Scene opens: Lines of office workers, little more than silhouettes, queue up before a security checkpoint, being scanned as they enter a large building. Each waiting worker is indistinguishable from the rest; the only points of color are the neon headpieces that wrap around the serfs’ necks like collars on work horses.
A deep voice booms over the crowd in an even tone, as a talking head delivers the following speech from displays overlooking the gathered masses.
“Welcome…. to our Brave new world.”
“A world… free of strife.”
“There is no need for you to rush. You’re already where you were meant to be..”
“There is no need for you to think,; the pressure’s removed. All decisions are made..”
“We offer you comfort..harmony…and ORDER…”
“Requiring only that you… OBEY.”
We bear witness as one drone struggles with the message, screaming in agony before ripping off his collar and coat. Alerted by the commotion, security responds quickly, but the now-collarless rebel is off at a dead run. Security pursues as the hero nears the end of the floor. Accompanied by the shattering of glass, our would-be hero smashes through a window and barely lands on the roof below. A security grunt also makes the leap… the chase is on.
Vector places the player in the shoes of this freshly minted “anarchist” as he attempts to break free from a an oppressive corporate controlled system. Set in a dystopian near-future, The art style evokes feelings of being little more than a tool; an implement to be used and replaced at the whims of the 1%. Players will notice this in the distinct lack of color; both the player, the pursuing hunter, and the environment are composed as simple black outlines. The only color in the game is in the background, giving stark contrast to the mostly dark world that the freerunner inhabits.
The gameplay is simple enough. Your character continually runs forward with a hunter hot on his heels. Standing between our renegade and a happy end are numerous obstacles, ranging from rooftop gaps to water towers, from cooling units to dangerous drops. Your arsenal consists of a large number of parkour moves designed to help you navigate these hazards while retaining your speed. Being caught by the pursuing hunter results in a speedy death and a quick restart.
The experince evokes shades of Mirror’s Edge (albeit 2D) and Trials, with gameplay coming fast and furious. Players can restart a level with a simple button press, keeping breaks in the action to a minimum. You will restart, likely often, as you progress through each new stage. Players are critiqued on their performance, causing rapid restarts in the pursuit of lower times, new routes, and missed collectibles/tricks.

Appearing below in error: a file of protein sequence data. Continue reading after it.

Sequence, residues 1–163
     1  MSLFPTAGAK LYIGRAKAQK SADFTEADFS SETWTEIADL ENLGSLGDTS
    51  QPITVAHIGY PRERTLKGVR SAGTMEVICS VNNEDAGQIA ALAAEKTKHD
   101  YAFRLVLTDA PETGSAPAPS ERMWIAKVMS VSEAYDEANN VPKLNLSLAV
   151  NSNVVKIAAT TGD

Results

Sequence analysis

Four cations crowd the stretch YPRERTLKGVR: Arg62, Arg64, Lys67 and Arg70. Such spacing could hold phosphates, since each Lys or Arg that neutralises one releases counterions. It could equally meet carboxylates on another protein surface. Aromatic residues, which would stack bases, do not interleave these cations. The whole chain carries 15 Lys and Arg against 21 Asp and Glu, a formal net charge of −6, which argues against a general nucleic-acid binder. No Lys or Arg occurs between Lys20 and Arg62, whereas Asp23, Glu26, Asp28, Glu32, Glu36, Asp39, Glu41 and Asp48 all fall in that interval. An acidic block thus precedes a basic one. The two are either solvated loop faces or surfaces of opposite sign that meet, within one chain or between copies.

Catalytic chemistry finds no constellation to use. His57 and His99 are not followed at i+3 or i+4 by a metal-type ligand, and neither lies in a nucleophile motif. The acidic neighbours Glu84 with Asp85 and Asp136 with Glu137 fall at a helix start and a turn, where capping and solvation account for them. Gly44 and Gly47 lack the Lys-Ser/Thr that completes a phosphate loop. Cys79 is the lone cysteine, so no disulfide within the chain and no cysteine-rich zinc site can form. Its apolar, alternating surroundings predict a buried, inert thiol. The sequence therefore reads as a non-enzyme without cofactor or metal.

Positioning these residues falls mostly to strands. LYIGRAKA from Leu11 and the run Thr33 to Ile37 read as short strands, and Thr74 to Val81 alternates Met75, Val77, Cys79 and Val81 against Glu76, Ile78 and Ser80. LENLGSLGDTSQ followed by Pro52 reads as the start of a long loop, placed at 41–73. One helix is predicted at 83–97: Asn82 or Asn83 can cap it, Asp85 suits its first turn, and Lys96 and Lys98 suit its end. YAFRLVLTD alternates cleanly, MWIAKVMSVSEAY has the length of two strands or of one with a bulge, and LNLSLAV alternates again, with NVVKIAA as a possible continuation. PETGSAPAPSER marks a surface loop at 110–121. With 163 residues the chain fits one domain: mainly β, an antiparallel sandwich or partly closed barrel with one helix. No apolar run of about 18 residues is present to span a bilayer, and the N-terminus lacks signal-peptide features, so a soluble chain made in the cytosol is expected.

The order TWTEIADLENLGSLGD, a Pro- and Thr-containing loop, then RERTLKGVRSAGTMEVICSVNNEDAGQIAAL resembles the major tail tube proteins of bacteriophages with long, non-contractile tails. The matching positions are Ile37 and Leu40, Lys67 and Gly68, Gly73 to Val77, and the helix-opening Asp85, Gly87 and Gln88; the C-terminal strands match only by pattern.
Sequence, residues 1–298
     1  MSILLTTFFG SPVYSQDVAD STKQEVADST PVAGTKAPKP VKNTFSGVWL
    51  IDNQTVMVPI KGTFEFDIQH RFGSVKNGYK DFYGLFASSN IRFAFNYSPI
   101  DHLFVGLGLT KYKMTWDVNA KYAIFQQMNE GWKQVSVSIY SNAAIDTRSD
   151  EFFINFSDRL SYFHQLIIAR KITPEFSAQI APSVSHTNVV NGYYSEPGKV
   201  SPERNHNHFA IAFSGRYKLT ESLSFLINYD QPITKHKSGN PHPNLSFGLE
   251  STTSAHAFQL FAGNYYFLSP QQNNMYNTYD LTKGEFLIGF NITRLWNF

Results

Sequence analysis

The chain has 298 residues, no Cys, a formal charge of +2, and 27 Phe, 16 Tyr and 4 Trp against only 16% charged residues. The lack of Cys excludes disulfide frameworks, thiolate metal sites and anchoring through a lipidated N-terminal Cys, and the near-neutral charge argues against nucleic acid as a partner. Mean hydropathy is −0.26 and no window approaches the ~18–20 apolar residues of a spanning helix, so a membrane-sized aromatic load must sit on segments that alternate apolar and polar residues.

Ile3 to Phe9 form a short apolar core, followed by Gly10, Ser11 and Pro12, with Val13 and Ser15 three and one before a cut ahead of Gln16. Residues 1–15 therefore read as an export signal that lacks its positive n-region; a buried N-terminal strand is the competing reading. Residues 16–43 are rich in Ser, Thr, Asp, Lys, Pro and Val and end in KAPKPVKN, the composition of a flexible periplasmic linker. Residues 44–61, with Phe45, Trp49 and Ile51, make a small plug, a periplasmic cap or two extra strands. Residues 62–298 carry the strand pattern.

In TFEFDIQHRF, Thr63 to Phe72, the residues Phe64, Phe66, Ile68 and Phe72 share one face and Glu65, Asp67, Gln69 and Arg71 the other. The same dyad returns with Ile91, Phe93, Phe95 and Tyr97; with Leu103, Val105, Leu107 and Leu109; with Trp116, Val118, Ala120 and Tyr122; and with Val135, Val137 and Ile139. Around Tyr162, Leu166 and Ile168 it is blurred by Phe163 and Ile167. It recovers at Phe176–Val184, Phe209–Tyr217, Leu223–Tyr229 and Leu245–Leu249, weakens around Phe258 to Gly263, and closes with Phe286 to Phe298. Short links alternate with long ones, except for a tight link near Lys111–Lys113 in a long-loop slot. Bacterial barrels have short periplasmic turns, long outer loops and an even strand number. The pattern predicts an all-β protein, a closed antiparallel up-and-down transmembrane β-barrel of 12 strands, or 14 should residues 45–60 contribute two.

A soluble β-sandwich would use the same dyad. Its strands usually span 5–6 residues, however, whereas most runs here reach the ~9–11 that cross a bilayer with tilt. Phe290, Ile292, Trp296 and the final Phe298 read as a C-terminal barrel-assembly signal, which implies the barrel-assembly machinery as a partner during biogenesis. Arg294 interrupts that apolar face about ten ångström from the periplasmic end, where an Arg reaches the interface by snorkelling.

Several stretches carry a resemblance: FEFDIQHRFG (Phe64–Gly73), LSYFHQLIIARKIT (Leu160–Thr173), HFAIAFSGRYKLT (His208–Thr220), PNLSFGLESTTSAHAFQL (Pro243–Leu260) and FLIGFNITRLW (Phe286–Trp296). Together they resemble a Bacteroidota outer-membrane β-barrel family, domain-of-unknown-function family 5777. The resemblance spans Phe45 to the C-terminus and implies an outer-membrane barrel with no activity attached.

The levels contain some amount of puzzle solving as well. Often, the most direct path is not the best path. Exploring alternate means of egress will often show you entire new routes, occasionally netting you more credits and access to new tricks. Additionally, a keen eye is required to differentiate background items from those in the foreground, which actually impede movement. There are also certain levels where you must follow another free-running rebel, as they take the only path out of a set that leads to the exit. Failure to keep up or taking a wrong path will lead you to custody or death (which in this case are essentially the same thing).
Progression through the storyline is gated based on level performance. Each level has a time goal, a bonus/trick goal, and a completion goal. The first is obviously tied to your time; the second is awarded for collecting all “bonus” cubes during your run as well as exercising all special tricks (purchased with credits acquired during play), while the completion goal is there just for finishing the level (a feat in and of itself as the game progresses). Each met goal gets you a star; collecting stars unlocks new levels.
Vector is a minimalist offering, but is very much greater than the sum of its parts. The art style and story background come together to create a fantastic setting. I found myself surprised at the amount of storytelling that could be accomplished via pantomime from the simply character outlines. The parkour tricks have been lovingly recreated, and the animations are universally fluid. The themes of oppression created by the setting, music, and visuals come together to form an experience that is easily appreciated.